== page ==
Derek Mackay hits back at claims of Holyrood budget 'con'

Holyrood Finance Secretary Derek Mackay has hit back at opposition politicians who branded his budget a "con'' which will see the "heart ripped out of public services''.

In an "historic budget'' which saw the Scottish Government take control over income-tax rates north of the border, Mr Mackay came under fire from Labour, the Liberal Democrats and the Greens for not increasing the charge to raise extra cash for public services.

He insisted his draft spending plans for 2017-18 would deliver #700 million of additional resources.

Mr Mackay said: "This is a budget for growth and public services, for our environment and our communities.

"It delivers increased investment in education, record investment in the NHS, protects low-income households from tax hikes and supports more and better jobs.''

Local government services would have an additional £140.6 million spending power in 2017-18 as a result of the budget, Mr Mackay said.

A u-turn by the SNP administration means local authorities can keep all the cash raised by changes to the council tax for those in more expensive homes - money which ministers had previously pledged to give direct to schools in a bid to close the educational attainment gap.

Instead, the Scottish Government will now hand £120 million from its own funds to headteachers in 2017-18 to do this.

But the Scottish Government's draft budget document showed the amount of money local government will receive from Holyrood dropping from just under #10.1 billion in this year to slightly less than #9.65 billion in real terms in 2017-18

However, they will get £357 million of money from the NHS next year, with this to be used to pay for closer links between the health and social care sectors.

On income tax, the Finance Secretary opted to keep the basic rate and the top rate unchanged.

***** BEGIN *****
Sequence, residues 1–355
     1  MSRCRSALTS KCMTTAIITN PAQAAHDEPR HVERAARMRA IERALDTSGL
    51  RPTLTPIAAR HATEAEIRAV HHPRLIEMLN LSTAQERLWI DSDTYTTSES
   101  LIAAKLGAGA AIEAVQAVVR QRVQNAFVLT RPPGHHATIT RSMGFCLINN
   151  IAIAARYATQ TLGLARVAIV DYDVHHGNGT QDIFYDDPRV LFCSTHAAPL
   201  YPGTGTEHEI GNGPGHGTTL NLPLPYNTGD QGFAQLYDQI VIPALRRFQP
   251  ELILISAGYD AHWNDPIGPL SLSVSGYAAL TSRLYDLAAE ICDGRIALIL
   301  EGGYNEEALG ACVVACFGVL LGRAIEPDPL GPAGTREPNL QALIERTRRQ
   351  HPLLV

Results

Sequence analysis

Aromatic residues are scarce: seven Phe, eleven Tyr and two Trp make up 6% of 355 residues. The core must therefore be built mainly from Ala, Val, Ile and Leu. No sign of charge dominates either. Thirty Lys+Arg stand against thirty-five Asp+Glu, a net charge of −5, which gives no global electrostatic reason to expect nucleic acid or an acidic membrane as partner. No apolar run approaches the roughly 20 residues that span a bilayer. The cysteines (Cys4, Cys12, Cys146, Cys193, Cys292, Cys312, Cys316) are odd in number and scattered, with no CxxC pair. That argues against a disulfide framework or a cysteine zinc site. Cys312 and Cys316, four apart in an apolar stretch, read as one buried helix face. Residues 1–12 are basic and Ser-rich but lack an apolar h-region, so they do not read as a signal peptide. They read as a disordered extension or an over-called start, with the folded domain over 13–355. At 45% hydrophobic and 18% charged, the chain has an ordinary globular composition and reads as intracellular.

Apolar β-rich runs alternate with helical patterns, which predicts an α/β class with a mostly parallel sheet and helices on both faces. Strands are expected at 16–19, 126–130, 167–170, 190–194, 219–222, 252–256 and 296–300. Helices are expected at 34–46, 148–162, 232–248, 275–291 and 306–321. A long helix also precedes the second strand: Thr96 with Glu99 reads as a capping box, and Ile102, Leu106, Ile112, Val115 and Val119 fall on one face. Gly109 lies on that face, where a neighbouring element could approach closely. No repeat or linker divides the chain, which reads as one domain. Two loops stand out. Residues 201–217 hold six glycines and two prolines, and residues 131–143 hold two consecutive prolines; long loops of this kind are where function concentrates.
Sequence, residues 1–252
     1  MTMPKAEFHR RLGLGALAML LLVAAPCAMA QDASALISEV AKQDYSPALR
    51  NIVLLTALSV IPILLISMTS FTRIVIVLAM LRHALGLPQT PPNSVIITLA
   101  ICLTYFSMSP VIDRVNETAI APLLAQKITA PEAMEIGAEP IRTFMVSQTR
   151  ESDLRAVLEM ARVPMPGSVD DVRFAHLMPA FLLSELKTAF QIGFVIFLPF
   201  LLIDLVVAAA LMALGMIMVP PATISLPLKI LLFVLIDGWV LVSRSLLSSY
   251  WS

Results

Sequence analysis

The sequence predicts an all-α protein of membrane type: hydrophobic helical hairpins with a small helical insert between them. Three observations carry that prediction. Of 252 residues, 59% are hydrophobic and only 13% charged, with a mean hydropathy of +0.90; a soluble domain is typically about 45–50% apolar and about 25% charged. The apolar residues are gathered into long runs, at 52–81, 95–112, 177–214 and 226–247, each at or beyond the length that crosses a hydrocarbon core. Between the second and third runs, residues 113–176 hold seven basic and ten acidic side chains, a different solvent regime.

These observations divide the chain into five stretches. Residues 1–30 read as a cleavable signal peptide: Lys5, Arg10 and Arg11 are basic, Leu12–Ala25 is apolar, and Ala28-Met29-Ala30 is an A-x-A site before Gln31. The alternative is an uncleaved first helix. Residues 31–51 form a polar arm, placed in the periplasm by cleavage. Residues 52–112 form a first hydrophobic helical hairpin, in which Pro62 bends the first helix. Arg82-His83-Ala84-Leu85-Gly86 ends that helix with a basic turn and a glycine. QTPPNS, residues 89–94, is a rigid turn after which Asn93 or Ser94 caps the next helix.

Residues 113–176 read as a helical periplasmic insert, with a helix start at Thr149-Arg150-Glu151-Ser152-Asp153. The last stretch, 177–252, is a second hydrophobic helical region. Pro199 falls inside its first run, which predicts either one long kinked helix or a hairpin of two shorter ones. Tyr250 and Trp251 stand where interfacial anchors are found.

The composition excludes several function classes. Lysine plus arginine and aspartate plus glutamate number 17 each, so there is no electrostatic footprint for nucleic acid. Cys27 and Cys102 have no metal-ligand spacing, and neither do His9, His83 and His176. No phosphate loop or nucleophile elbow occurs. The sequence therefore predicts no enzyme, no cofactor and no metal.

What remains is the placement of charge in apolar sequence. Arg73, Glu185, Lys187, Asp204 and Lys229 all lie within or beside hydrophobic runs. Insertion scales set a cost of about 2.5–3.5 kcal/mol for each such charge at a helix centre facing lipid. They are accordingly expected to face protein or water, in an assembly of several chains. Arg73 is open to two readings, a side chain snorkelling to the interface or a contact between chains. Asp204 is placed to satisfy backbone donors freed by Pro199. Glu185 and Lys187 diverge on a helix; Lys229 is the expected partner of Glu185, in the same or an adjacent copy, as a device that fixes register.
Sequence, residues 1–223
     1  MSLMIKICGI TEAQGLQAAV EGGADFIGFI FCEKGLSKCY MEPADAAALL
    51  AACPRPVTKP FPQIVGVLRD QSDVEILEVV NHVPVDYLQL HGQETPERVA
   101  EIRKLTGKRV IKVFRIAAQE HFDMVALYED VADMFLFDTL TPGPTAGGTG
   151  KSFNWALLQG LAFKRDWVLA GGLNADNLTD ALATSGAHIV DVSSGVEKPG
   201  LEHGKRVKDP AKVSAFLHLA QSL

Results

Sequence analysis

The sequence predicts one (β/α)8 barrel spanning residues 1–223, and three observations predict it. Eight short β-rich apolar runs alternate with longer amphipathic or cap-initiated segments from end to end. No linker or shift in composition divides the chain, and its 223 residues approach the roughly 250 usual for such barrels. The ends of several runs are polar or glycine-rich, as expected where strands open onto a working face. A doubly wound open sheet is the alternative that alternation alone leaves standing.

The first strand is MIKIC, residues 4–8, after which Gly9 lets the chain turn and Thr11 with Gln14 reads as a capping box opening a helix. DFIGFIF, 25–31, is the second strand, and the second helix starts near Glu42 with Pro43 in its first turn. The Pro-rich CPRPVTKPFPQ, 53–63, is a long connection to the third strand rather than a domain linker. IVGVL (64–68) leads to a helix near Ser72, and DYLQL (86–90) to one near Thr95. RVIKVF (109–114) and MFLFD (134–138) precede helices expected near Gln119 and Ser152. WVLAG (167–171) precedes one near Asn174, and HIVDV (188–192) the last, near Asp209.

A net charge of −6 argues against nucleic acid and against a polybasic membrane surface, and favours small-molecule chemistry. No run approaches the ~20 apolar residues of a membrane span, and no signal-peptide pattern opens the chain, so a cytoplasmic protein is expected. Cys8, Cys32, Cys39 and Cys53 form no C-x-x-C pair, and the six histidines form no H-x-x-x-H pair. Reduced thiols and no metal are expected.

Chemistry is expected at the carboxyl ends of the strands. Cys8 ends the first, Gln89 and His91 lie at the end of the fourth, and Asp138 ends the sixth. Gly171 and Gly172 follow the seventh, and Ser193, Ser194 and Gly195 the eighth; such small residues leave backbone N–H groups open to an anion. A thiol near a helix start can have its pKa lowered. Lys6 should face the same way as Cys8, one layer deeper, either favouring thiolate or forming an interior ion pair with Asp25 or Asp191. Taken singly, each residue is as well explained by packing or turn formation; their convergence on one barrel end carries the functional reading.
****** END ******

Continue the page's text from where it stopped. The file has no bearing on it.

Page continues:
He also confirmed the threshold for the 40p rate of tax would only rise by the rate of inflation in Scotland - meaning this higher rate will be paid by those earning £43,430 north of the border compared to those on a salary of £45,000 or above in the rest of the UK.

Mr Mackay said that meant his budget would "not give a substantial real-terms tax cut to the top 10% of income earners''.

While he said he "sympathised'' with calls for the 50p top rate of income tax to be reintroduced in Scotland for those earning #150,000 a year or more, he stressed he ``had to balance that with the risk to our economy''.

Tory finance spokesman Murdo Fraser claimed "this budget is quite simply a massive con on the people of Scotland'' as he accused ministers of ``trying to pull a fast one on Scotland's local services''.

Mr Fraser said: "Local councils face a real-terms cut in their grant of more than £300 million. It's taking away with one hand, in order to give a little back with the other. What a shambles.

"This is a Scottish Government which wants to make Scotland the highest-taxed part of the United Kingdom. Scots will pay more but in return get a shambolic mess on education and the NHS.''

Scottish Labour leader Kezia Dugdale said: "The SNP Finance Secretary has unveiled a budget today that will see the heart ripped out of public services.''

She said councils would have a "real-terms cut of £327 million'' as she claimed Mr Mackay was " no better than a Tory chancellor''.

The Greens and the Liberal Democrats also argued Mr Mackay should have opted to increase income tax now Holyrood has the power to do so.

Green co-convener Patrick Harvie said: "We know the poorest third of our society will see their incomes go down next year while high earners will get a tax cut.

"Those may be UK Government decisions but the Scottish Government now has the power to reverse those it affects, and has chosen not to.''

While Lib Dem leader Willie Rennie welcomed the government's u-turn on the use of council-tax funds, he added the budget fell "well short'' of what was needed to improve education.

"With our international standing in education slipping and our faltering economy, there is an urgent need to use our brand-new powers to raise £500 million for education to get it back to its best,'' he argued.

"That's the way to boost our economy. We need transformation and this is not a transformational budget.''

Council and trade union leaders were also critical, with David O'Neill, president of local government body Cosla, stating they could ``never endorse a reduction to the core local government settlement as announced as part of the budget statement today''.

Unite regional officer for Scotland William McGonigle said: "This budget takes us further down the austerity road towards social crisis in Scotland.

"Despite having new powers over taxation, the Scottish Government continues to follow Westminster's austerity road.

"They might slow down the journey by tinkering with the higher income-tax bands and council tax but they're fundamentally going down the same path as the Tories.''

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